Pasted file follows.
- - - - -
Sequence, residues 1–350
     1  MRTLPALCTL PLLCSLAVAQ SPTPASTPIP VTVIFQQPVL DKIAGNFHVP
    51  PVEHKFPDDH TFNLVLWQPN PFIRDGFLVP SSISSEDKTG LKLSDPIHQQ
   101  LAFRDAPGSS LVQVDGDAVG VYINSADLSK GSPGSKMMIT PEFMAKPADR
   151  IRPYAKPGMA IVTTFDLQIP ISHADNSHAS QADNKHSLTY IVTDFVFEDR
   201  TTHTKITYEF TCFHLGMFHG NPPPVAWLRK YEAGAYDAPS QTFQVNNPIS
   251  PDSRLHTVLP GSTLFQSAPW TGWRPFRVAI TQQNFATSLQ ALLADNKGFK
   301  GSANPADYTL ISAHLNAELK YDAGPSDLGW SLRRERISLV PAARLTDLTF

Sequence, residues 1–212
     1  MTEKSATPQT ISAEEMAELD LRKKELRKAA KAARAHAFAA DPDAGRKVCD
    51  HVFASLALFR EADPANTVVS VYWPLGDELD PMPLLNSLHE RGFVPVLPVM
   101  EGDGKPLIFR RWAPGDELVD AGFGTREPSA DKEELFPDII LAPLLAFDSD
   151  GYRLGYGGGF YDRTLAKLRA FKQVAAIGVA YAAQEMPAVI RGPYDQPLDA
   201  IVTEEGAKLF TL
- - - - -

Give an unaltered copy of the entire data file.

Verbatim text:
Sequence, residues 1–350
     1  MRTLPALCTL PLLCSLAVAQ SPTPASTPIP VTVIFQQPVL DKIAGNFHVP
    51  PVEHKFPDDH TFNLVLWQPN PFIRDGFLVP SSISSEDKTG LKLSDPIHQQ
   101  LAFRDAPGSS LVQVDGDAVG VYINSADLSK GSPGSKMMIT PEFMAKPADR
   151  IRPYAKPGMA IVTTFDLQIP ISHADNSHAS QADNKHSLTY IVTDFVFEDR
   201  TTHTKITYEF TCFHLGMFHG NPPPVAWLRK YEAGAYDAPS QTFQVNNPIS
   251  PDSRLHTVLP GSTLFQSAPW TGWRPFRVAI TQQNFATSLQ ALLADNKGFK
   301  GSANPADYTL ISAHLNAELK YDAGPSDLGW SLRRERISLV PAARLTDLTF

Sequence, residues 1–212
     1  MTEKSATPQT ISAEEMAELD LRKKELRKAA KAARAHAFAA DPDAGRKVCD
    51  HVFASLALFR EADPANTVVS VYWPLGDELD PMPLLNSLHE RGFVPVLPVM
   101  EGDGKPLIFR RWAPGDELVD AGFGTREPSA DKEELFPDII LAPLLAFDSD
   151  GYRLGYGGGF YDRTLAKLRA FKQVAAIGVA YAAQEMPAVI RGPYDQPLDA
   201  IVTEEGAKLF TL